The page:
Where are the Starbucks stores that are voting to unionize?

The National Labor Relations Board, the federal agency that conducts union elections, announced this week that it certified a union victory at a second Buffalo-area Starbucks store, after votes were tallied there in December—the same time when the first Buffalo store unionized—but were inconclusive after the union challenged that certain ballots should not count. The union said several votes were cast by employees who did not work at that store, and the labor board agreed, ultimately tossing them out. (Yet another Buffalo-area store held its election to unionize at the same time, where the workers voted to not join Workers United.)

Starbucks has 10 days to ask for a review of the labor board’s decision—but that election may not be the only one the company has to worry about. Union votes are now in the works at 14 other stores across the country, with 17 total Starbucks stores having filed to hold an election. “We are inspired by the bravery of our partners in Buffalo,” workers at a Hopewell, New Jersey, Starbucks wrote in a letter to Starbucks President and CEO Kevin Johnson on Tuesday, announcing their intent to form a union. The company refers to its employees as “partners,” but workers have repeatedly said that unionizing is “the only way for us to truly be partners in our company, in power rather than simply in name.”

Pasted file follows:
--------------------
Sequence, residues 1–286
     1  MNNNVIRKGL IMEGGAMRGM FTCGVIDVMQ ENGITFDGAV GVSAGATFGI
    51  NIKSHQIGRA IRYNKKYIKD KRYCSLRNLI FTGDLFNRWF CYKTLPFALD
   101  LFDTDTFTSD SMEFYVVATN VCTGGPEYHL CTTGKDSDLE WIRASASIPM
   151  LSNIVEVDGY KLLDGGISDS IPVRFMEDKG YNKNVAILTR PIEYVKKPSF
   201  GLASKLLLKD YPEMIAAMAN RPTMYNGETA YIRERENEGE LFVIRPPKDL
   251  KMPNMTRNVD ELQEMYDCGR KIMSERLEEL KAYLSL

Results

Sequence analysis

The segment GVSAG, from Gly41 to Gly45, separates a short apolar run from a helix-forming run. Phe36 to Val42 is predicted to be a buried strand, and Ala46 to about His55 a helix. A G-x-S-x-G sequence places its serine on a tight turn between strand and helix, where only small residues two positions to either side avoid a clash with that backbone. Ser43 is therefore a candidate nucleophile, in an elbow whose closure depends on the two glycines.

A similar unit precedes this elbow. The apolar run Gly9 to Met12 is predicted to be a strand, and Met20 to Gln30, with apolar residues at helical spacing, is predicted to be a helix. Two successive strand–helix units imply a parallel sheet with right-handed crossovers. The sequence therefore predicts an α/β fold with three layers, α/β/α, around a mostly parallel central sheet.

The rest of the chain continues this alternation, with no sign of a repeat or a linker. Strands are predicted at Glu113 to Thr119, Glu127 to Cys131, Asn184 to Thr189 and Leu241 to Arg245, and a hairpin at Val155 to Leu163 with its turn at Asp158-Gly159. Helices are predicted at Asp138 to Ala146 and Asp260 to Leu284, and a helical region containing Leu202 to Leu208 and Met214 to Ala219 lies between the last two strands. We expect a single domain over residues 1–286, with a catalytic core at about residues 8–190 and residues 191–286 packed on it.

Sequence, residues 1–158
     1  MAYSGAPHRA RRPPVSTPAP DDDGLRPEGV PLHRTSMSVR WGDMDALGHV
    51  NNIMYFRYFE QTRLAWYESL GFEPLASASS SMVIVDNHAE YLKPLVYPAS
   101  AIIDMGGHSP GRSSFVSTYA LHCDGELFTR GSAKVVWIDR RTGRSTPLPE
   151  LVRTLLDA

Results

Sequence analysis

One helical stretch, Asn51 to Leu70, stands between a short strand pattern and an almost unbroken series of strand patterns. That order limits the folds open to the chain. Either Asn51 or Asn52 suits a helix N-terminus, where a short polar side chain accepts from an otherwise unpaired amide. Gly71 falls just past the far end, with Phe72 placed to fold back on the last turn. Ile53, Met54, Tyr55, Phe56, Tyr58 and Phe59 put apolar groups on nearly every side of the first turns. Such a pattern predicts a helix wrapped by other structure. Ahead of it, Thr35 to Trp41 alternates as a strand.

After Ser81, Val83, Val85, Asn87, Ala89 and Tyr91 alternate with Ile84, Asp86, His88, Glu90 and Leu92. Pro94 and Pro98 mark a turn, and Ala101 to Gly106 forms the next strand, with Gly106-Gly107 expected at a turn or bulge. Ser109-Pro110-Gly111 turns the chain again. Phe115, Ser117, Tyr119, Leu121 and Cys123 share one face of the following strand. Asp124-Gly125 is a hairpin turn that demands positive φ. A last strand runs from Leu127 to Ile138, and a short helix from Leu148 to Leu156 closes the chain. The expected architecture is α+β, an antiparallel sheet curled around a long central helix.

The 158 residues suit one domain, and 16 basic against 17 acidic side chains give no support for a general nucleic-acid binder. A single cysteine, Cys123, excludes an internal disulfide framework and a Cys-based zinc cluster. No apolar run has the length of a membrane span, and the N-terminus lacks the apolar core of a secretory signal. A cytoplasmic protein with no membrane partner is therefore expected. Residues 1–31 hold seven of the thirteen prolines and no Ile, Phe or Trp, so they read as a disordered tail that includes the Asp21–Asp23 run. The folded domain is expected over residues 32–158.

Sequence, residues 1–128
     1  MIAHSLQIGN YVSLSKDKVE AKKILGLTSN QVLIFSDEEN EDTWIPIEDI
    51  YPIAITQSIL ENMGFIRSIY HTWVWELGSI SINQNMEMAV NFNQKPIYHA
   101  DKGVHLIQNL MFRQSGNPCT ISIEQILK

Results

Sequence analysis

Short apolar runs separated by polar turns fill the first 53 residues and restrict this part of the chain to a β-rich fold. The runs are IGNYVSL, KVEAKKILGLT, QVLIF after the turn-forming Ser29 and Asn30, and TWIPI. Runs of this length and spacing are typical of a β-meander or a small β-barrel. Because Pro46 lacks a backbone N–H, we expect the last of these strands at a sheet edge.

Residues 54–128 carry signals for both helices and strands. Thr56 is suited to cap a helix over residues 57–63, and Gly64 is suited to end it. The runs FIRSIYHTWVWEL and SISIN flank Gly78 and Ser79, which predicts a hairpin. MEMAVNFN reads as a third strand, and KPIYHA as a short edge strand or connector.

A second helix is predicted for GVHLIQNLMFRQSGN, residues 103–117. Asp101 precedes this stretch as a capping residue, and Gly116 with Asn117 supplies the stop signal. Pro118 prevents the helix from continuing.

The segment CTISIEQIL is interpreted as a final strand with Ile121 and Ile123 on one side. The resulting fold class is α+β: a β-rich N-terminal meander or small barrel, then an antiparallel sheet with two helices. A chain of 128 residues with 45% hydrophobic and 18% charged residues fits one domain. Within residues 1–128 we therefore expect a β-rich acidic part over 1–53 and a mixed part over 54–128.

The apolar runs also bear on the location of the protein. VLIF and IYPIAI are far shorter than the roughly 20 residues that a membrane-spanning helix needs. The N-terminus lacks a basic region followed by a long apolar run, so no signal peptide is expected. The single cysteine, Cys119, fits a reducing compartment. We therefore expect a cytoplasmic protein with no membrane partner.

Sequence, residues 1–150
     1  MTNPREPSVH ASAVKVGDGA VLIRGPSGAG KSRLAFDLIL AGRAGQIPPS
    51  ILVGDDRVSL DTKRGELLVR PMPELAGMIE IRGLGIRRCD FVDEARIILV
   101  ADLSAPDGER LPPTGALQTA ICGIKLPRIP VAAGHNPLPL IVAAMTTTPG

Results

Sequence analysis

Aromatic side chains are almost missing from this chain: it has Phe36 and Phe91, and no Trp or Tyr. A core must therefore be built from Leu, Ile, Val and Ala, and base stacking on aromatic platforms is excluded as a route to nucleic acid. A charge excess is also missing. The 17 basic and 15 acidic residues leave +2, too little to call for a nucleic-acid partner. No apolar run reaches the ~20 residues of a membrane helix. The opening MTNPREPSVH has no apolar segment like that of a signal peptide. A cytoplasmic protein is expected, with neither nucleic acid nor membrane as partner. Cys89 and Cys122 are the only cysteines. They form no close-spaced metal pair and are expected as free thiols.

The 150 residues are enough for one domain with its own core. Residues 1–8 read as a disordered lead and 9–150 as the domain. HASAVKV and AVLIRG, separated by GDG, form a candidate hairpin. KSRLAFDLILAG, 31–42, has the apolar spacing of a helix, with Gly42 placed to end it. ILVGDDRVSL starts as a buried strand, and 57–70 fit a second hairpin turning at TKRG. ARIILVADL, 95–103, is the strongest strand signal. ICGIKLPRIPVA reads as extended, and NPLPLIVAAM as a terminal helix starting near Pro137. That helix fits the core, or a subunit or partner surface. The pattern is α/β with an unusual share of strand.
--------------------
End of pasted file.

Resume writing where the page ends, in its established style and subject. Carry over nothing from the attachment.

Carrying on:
Along with the Hopewell store, Starbucks locations that will soon hold union elections include those in:

  • Mesa, Arizona
  • Cleveland
  • Eugene, Oregon
  • Broomfield, Colorado
  • Knoxville, Tennessee
  • Seattle
  • Allston, Massachusetts
  • Brookline, Massachusetts
  • Two stores in Chicago
  • Amherst, New York
  • Cheektowaga, New York
  • Depew, New York

The company has continued to oppose the union activity. “We’ve been clear in our belief that we are better together as partners, without a union between us at Starbucks, and that conviction has not changed,” a spokesperson told Reuters. Starbucks EVP Rossann Williams sent a letter to employees in October saying that “operational challenges” such as staffing, training, repairing equipment, and so on, “can only be solved by us, from within Starbucks.”

Workers have taken issue with the argument that a union would come between the company and its employees. “Starbucks has portrayed this effort as like, a third party coming in and wanting to take control and disrupt things in our workplace,” Colin Cochran, a Buffalo barista, told AZ Central. “Which is ridiculous because our union is going to be made up of baristas and shift supervisors who make up Starbucks. That’s not a third party.”

The work for Starbucks employees even at the two Buffalo locations that won their union elections is far from over. Now they must negotiate a contract with the company, a process that can be drawn out for years. Winning a contract may require workers to apply even more pressure, like conducting a work stoppage.

Starbucks workers seem ready to apply such pressure. “This generation of workers is standing up to anti-union bullying,” Richard Bensinger, a union organizer advising the efforts, said on Monday following the ruling on the second Buffalo location, according to Bloomberg. “Partners all around the nation are now responding.”

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